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Trump Asserts Executive Privilege over Congress-Subpoenaed Docs

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President Donald Trump asserted executive privilege Wednesday in his battle with the House Oversight and Reform Committee over a 2020 census question that asks Americans if they are citizens.

The committee had been planning to hold Attorney General William Barr and Commerce Secretary Wilbur Ross in contempt of Congress if documents the panel demanded by subpoena were not produced.

Democrats are trying to learn who wanted the question added.

Republicans have downplayed the importance of the issue.

Assistant Attorney General Stephen E. Boyd had warned the panel Tuesday that the assertion of executive privilege might come if the contempt vote was held.

Committee Chairman Rep. Elijah Cummings, a Maryland Democrat, had said he would not delay the vote, triggering a letter from Boyd to the panel on Wednesday.

“By proceeding with today’s vote, you have abandoned the accommodation process with respect to your requests and subpoenas for documents concerning the secretary’s decision to include a citizenship question on the 2020 census,” Boyd wrote, according to The Hill.

Do you think there’s anything wrong with including a citizenship question on the census?

“The executive branch has engaged in good-faith efforts to satisfy the legislative needs of the committee. Moreover, until the committee’s abrupt decision to seeks a contempt resolution, the department was prepared to provide a significant number of additional documents responsive to the committee’s April 2, 2019 subpoena,” Boyd wrote.

Boyd said the Democrat-dominated committee chose confrontation over cooperation.

“Unfortunately, rather than allowing the department to complete its document production, you have chosen to go forward with an unnecessary and premature contempt vote,” he wrote.

Among the documents protected by Trump was one from the Justice Department to the Commerce Department, which oversees the census, asking that the citizenship question be part of the census in 2020.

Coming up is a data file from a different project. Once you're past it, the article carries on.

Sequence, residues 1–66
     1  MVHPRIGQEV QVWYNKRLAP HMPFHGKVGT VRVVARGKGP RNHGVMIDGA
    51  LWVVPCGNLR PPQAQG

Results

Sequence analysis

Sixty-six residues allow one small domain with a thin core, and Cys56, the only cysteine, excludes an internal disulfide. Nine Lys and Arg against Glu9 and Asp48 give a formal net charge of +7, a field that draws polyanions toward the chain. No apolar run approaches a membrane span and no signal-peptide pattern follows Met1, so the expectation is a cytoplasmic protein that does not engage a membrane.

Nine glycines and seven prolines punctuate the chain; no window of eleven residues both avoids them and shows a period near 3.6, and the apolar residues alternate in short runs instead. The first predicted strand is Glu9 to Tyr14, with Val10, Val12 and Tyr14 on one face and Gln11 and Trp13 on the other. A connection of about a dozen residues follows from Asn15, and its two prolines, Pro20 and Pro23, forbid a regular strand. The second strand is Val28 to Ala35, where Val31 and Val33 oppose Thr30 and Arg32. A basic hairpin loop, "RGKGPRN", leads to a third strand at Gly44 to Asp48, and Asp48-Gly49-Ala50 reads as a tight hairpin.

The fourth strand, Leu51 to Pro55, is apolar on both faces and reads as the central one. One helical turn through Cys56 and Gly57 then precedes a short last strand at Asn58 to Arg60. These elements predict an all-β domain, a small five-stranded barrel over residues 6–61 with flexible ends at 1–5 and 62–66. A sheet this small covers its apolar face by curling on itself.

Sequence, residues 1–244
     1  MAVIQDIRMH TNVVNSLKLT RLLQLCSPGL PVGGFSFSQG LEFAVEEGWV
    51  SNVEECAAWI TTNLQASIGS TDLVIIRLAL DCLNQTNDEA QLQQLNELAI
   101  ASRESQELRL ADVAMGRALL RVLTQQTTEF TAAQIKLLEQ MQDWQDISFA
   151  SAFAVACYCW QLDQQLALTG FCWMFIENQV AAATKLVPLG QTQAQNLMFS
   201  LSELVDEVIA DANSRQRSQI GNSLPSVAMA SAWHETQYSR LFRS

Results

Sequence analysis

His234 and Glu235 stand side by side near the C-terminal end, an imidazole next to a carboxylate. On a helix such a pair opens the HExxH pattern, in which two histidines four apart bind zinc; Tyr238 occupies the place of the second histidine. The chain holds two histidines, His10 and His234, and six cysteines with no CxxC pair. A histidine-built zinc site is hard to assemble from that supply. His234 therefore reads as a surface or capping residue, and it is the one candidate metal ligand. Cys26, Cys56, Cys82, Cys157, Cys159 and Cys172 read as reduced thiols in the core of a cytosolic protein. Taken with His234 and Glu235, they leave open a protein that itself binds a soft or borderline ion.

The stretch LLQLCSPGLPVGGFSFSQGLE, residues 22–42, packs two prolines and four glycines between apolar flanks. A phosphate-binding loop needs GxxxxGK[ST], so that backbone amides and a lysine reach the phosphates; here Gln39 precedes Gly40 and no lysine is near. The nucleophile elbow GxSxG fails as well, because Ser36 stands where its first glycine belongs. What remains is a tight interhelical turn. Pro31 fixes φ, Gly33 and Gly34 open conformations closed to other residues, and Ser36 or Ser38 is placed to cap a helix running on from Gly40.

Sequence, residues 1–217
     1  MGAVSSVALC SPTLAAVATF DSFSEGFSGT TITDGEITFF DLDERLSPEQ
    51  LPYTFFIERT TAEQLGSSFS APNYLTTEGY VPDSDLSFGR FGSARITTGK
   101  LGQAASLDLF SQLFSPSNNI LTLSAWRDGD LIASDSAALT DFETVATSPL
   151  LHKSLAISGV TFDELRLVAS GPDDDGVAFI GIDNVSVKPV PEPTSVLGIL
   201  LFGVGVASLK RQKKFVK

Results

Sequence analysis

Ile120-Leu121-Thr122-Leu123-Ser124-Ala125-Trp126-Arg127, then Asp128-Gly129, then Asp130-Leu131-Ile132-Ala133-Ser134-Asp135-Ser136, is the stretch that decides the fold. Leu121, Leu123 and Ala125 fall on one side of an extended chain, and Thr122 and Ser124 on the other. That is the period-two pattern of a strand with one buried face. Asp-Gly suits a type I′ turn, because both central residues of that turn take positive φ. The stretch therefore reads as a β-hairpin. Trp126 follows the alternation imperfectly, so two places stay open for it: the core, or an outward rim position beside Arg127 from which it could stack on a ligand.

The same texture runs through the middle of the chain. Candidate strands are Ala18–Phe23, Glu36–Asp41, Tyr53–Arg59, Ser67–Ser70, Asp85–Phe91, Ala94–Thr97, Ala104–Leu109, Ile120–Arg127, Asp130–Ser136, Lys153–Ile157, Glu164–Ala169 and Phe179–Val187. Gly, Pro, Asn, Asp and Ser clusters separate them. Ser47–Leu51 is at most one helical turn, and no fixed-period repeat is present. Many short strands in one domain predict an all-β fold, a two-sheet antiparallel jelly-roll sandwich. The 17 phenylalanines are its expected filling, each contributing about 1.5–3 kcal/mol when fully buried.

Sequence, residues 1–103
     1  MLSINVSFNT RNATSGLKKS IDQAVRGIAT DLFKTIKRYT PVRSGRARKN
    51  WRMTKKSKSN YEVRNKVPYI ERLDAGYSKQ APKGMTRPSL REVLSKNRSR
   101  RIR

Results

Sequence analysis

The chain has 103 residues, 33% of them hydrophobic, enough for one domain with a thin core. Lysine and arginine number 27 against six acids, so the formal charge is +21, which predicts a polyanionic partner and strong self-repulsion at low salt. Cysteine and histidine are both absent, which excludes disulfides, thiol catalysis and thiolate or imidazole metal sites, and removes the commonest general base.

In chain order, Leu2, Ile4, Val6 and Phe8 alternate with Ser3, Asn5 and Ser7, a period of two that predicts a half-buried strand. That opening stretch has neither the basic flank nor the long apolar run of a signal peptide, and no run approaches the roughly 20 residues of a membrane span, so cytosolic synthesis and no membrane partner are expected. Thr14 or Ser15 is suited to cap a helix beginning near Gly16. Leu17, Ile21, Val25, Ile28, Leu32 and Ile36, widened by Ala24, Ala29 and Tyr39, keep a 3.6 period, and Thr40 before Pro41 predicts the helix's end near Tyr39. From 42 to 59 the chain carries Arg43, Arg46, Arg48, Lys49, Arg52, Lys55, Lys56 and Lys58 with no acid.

“As I indicated in my letter to you yesterday, this protective assertion ensures the president’s ability to make a final decision whether to assert privilege following a full review of these materials,” Boyd wrote Wednesday.

The Commerce Department also told the panel of Trump’s decision.

“The department regrets that you have made this assertion necessary by your insistence upon scheduling a premature contempt vote,” Charles Rathburn, the Commerce Department’s acting assistant secretary for legislative and intergovernmental affairs, wrote.

The action had been foreshadowed Tuesday night in a letter from Boyd to the committee, according to The Washington Post reported.

“In the face of this threatened contempt vote, the Attorney General is now compelled to request that the President invoke executive privilege with respect to the materials subject to the subpoena to the Attorney General and the subpoena to the Secretary of the Department of Commerce,” Boyd wrote.

“I hereby request that the Committee hold the subpoenas in abeyance and delay any vote on whether to recommend a citation of contempt for noncompliance with the subpoenas, pending the President’s determination of this question.”

Cummings has said the refusal to give the panel what it wants is part of the Trump administration’s refusal to work with Congress.

“[The Justice Department] has made very clear that they will not produce the key documents that we have identified as priorities,” Cummings said Wednesday, ABC News reported.

“This does not appear to be an effort to engage in good faith negotiations or accommodations, instead it appears to be another example of the administration’s blanket defiance of Congress’ constitutionally mandated responsibilities.”

Adding a question about citizenship on the next census provoked a partisan fight, with Democrats claiming it might reduce responses to the census from illegal immigrants, who are often clustered in major metro areas.

Because census population counts are used as a major means of allocating federal funds, a census undercount could mean a major fiscal price tag for any community.

A lawsuit aimed at blocking the question has reached the Supreme Court, which is expected to rule this month on whether the question can be used, CNN reported.


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